Local delivery apps changing the face of grocery and restaurant industries
In 1962, the future was Jane Jetson, feeding her cartoon family with her automatic — albeit, gargantuan — dinner-making machine. She tapped a few buttons and in short order, the meal appeared, hot and ready.
That future, as it turns out, was not so far off. Tap a few buttons today on a smartphone, and you can have a meal or the ingredients for one brought directly to you. Delivery and pickup services are changing the way people eat — and fast.
In Cape Girardeau, Walmart shoppers now have a bright orange corner where they can pick up pre-ordered groceries, and both Aldi and Schnucks stores are partnered with the national startup Instacart to provide grocery delivered directly to customers’ homes.
Customers who want prepared meals can have their favorites delivered through services like the Cape Girardeau-based startup carGO, whose Carryout program includes nearly 50 area eateries. While carGO started as a ridesharing platform, the company soon implemented food delivery, as well as alcohol delivery, and those services now outpace the company's rideshare operation.
“Food delivery is by far the largest part of carGO today in Cape Girardeau,” says co-founder James Stapleton. “To put it in perspective, in Cape Girardeau so far this year we’ve made about 112,000 food deliveries … and completed nearly 25,000 rides in the past year.”
As the company has branched out into other nearby markets like Poplar Bluff and Carbondale, Illinois, a similar pattern has emerged. Since the markets aren’t major metro areas, there aren’t as many non-car-owning commuters, Stapleton says.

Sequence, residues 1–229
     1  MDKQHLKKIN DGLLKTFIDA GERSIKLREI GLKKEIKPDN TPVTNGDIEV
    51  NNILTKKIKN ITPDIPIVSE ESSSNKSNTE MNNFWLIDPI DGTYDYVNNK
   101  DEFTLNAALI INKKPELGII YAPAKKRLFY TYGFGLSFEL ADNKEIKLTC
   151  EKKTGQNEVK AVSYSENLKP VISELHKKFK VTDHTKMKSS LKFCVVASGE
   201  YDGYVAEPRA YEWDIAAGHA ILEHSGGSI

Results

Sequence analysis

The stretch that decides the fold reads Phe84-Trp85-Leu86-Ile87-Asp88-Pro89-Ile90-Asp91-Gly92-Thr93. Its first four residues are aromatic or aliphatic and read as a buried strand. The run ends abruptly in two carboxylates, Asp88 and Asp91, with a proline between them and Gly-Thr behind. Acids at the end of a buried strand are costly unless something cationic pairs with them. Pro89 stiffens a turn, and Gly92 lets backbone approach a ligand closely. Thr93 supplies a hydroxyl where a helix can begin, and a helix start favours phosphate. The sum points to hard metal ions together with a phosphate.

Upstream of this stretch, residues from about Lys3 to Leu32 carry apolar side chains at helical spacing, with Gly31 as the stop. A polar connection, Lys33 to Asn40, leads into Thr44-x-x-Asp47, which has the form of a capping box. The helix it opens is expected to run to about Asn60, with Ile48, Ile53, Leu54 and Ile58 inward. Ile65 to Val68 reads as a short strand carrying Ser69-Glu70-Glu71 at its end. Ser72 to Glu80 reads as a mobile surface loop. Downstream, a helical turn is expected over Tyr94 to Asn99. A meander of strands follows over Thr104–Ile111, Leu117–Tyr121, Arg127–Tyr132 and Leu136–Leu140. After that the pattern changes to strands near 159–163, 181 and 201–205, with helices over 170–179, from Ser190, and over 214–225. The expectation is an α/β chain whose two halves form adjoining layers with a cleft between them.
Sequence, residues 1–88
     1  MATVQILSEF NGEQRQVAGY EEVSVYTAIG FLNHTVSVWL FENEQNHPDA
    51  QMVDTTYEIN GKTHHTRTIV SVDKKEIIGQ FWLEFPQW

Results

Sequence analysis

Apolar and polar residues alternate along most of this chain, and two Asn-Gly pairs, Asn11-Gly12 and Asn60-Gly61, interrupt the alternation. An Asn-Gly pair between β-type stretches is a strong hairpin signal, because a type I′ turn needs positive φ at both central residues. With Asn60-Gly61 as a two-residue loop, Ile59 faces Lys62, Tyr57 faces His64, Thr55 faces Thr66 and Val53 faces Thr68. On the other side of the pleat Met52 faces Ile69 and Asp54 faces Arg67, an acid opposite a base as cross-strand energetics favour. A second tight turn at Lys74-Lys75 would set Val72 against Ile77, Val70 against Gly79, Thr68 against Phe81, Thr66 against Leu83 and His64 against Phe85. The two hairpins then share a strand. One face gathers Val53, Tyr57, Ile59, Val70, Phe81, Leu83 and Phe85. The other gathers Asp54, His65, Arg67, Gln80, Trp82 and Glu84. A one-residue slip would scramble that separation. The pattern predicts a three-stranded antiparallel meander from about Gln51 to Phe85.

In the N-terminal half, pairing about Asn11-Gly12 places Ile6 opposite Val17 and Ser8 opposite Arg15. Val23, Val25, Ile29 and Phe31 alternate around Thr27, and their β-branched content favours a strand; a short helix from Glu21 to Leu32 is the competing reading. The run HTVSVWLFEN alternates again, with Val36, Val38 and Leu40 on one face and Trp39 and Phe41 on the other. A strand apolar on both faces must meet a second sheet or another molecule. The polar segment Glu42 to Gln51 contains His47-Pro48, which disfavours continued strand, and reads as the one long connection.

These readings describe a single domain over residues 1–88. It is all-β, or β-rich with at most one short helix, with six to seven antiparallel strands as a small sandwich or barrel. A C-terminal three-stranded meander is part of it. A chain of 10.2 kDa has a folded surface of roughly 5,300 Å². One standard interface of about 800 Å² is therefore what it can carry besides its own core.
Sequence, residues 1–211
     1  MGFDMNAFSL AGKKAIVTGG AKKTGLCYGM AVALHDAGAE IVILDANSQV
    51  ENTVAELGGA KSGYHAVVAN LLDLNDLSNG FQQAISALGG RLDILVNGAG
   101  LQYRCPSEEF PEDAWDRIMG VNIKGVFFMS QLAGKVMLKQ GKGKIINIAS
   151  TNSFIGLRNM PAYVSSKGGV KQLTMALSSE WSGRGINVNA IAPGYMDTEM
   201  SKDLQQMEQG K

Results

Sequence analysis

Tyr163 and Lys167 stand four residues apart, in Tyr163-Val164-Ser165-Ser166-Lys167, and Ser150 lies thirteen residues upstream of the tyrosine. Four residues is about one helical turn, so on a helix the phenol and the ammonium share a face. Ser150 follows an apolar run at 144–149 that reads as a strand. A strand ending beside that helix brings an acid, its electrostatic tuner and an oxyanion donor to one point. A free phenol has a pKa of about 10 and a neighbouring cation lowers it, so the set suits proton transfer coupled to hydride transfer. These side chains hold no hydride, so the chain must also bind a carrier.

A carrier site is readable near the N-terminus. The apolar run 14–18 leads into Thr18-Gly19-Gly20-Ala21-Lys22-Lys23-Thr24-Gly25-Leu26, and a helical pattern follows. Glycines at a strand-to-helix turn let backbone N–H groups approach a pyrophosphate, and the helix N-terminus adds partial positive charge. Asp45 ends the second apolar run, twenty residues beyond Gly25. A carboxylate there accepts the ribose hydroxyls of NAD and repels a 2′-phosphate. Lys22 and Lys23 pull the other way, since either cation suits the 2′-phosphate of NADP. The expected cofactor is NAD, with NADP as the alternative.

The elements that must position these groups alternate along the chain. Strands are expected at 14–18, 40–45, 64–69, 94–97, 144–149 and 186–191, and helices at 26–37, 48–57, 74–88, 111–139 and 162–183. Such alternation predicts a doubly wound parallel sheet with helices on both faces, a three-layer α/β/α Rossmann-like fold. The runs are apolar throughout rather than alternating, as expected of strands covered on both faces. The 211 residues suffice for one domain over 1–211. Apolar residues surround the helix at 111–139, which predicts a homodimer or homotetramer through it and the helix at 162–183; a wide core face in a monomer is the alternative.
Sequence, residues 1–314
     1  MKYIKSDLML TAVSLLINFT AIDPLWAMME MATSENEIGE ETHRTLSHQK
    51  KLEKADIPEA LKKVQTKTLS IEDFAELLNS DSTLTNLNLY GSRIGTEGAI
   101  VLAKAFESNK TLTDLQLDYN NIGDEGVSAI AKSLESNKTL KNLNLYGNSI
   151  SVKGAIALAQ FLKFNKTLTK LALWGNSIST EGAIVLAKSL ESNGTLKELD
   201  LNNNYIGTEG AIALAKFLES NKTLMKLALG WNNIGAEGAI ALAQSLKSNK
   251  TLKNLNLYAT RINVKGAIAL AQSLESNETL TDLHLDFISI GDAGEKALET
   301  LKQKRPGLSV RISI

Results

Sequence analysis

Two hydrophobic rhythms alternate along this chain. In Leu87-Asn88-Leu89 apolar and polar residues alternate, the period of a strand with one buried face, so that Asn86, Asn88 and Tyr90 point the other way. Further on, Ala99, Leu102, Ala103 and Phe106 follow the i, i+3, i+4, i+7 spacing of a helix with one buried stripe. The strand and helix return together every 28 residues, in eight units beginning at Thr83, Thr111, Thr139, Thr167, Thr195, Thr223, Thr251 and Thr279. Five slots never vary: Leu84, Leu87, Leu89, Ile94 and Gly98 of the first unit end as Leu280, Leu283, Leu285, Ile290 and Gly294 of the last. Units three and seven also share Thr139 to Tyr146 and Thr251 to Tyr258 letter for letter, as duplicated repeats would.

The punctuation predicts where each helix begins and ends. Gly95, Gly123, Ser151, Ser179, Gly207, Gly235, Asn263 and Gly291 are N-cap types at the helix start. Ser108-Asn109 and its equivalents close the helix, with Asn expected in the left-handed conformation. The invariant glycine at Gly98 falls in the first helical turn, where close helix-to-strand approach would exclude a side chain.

“But everybody eats two or three times a day,” he says.
And judging by the numbers, customers have grown accustomed to the convenience delivery offers.
“All of this is about convenience. And once people see how convenient it is, they continue to use it,” Stapleton says. “Some people use our Carryout service multiple times a week.”
But customer trends and delivery services are only two legs of the stool; the rise of delivery is making it easier for people to spend money at retailers and local restaurants.
Where once the delivery options were limited to Chinese or pizza, now smaller regional restaurants can cater to their patrons in their living rooms.
“To state the obvious, the restaurant industry is very competitive. And restaurants are looking for any way they can add volume to their business. Delivery gives them another option,” Stapleton says. “Our customers purchased over $2 million of food from our local restaurants (during the past year).”
On the grocery side, although Instacart representatives were unavailable to comment for this story, a Nielsen study from the Food Marketing Institute predicts the online grocery market could hit $100 billion by 2022. The study called 2017 — which saw Amazon’s purchase of Whole Foods Market — a “year of disruption” that moved the existing forecasted timetables up by nearly half.
“Many retailers and manufacturers are not ready for the age of online grocery,” the study’s authors write, adding that neither affluence nor age are keeping people from migrating to online shopping, and that the trend will likely extend to grocery buying.
“A lot of people mistakenly think this is a thing that only young people use, and that’s just not the case,” Stapleton says of the carGO Carryout service. “It’s pretty evenly distributed over several customer personas, one of them being active families. … We also have older customers for whom it’s not as easy to get out. So it’s a pretty diverse age group.”
And the current rate of adoption suggests the trend is here to stay. How we get our food will surely continue to evolve — autonomous vehicles, anyone? — but in the meantime, feel free to have it your way.